• The expression is saying: I need to pull a channel from a node that it’s not myself, that is called circle1 and the value is tx.
    • We can change the values of our expressions as well.
      ch("../circle1/tx") + .05
    • If we hover the mouse on the value we added, we can use the value ladder clicking the MMB.
  • Access variables in SOP: you have to use a grave accent `. So, for example, to use a @path variable in the material, you can use this snippet $HIP/tex/`@path`
  • Write code in SOP, for example in group: don’t use spaces! For example, if you want to create a group with the type @type == 1, instead you have to write @type==1
  • World coordinates: M
  • Variables on parameters:
    • $F: frame

Going back doing another tutorial to better understand how Houdini works.
This series is specifically for who is coming from C4D.
recreating mograph in houdini -1 cloner object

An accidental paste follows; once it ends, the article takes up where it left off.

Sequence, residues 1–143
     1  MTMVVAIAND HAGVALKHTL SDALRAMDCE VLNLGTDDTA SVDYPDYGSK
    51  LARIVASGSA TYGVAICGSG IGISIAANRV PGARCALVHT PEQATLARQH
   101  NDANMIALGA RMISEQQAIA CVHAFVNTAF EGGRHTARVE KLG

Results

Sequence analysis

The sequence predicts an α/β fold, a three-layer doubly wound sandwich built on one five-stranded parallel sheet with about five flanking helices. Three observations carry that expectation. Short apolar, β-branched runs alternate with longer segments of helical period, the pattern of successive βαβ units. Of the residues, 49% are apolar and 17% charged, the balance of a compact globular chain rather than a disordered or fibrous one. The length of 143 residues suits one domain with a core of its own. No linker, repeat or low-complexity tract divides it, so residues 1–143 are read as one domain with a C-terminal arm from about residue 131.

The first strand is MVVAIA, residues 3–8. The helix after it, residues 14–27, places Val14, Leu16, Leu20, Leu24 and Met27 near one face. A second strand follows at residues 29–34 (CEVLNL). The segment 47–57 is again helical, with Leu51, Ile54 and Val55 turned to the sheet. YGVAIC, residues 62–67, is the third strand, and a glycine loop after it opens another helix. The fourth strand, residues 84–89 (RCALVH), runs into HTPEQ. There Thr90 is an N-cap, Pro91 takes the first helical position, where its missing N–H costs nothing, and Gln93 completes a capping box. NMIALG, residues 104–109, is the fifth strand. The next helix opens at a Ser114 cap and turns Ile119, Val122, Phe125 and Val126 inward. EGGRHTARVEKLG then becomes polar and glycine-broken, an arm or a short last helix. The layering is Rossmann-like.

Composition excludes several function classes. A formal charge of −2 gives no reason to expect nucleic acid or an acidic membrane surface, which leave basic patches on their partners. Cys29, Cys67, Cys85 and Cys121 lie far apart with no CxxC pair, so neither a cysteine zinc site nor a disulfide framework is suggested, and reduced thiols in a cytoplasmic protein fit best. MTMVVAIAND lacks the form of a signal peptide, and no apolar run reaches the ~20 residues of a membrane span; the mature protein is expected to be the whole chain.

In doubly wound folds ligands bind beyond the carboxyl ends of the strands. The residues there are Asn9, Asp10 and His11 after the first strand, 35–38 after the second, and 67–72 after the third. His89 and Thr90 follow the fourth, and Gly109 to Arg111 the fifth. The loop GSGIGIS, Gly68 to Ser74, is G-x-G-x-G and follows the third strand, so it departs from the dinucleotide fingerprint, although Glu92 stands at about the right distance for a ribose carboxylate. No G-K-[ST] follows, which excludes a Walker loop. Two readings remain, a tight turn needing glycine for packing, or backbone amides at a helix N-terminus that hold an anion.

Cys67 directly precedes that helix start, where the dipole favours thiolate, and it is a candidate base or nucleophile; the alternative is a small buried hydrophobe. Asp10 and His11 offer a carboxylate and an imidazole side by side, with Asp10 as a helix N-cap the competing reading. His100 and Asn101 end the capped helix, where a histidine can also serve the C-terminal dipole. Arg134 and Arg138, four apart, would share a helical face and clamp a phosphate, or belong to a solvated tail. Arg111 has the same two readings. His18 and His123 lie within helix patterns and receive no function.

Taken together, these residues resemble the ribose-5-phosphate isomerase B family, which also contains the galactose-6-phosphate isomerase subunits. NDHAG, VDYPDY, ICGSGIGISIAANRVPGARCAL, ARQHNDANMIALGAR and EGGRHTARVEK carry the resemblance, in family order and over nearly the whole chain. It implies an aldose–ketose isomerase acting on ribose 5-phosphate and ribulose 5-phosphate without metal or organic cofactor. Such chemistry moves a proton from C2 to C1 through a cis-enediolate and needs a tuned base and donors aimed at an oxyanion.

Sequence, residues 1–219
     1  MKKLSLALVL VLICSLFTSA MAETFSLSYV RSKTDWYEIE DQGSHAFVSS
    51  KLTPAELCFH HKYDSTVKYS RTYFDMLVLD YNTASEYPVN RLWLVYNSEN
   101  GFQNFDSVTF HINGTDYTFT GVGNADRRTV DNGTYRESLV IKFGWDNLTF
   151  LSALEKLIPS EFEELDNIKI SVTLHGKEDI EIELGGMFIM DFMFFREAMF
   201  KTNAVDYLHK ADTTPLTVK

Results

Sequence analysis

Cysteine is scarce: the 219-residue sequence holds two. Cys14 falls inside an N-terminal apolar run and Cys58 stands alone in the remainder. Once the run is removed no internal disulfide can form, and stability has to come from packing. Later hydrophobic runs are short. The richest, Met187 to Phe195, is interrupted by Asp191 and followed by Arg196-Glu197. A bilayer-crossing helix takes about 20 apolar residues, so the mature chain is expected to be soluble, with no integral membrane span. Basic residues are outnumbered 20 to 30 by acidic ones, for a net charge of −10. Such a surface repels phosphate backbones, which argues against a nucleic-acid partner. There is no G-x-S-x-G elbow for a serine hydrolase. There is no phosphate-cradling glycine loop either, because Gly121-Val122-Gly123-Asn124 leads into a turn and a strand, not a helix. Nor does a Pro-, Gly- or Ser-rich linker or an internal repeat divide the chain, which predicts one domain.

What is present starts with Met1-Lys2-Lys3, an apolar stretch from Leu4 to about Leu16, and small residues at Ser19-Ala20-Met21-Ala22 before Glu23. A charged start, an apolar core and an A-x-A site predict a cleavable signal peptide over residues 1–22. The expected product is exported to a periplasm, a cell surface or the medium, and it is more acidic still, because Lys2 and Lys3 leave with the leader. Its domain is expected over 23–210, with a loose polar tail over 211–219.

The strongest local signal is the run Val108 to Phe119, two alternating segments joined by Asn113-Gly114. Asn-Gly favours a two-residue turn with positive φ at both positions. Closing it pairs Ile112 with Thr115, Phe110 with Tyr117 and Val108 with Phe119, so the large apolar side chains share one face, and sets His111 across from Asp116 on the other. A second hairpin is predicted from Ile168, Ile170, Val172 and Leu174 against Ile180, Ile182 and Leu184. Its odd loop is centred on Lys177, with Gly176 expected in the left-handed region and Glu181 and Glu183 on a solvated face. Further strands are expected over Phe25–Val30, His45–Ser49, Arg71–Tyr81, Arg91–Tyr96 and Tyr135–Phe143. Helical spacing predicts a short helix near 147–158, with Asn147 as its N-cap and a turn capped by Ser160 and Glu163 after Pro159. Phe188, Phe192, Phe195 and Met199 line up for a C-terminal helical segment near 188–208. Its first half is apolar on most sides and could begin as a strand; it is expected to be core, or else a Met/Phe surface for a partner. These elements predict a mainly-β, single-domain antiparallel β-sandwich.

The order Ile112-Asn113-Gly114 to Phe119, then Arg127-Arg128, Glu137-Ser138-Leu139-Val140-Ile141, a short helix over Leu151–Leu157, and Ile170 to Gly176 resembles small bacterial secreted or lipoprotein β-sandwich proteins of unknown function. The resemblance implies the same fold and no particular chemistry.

in attribcreate you can add
pscale
scale
orient

$PT point
$NPT total number of points

with Attribute Wrangle you can easily create attributes.
f@fall = 0;

SOPs

  • Resample: use it to generate tangent, curve, ptdist, curvenum.
    • CurveU goes from 0 to 1, from the beginning of the curve, to its end.
  • Generate points from volume:
    • VDB from Polygon + Scatter
    • IsoOffset + Scatter
    • Points from Volume

FLIP

  • Flip Object
    • Input Type: it could be Surface SOP if you have a polygon or Particle Field if you have already points

VEX

  • VEX documentation
  • to declare a variable:
    int nameofthevariable; // create a integer variable
    vector nameofthevariable; // create a vector variableFetching vector P
    ‣ @P // fetch first input P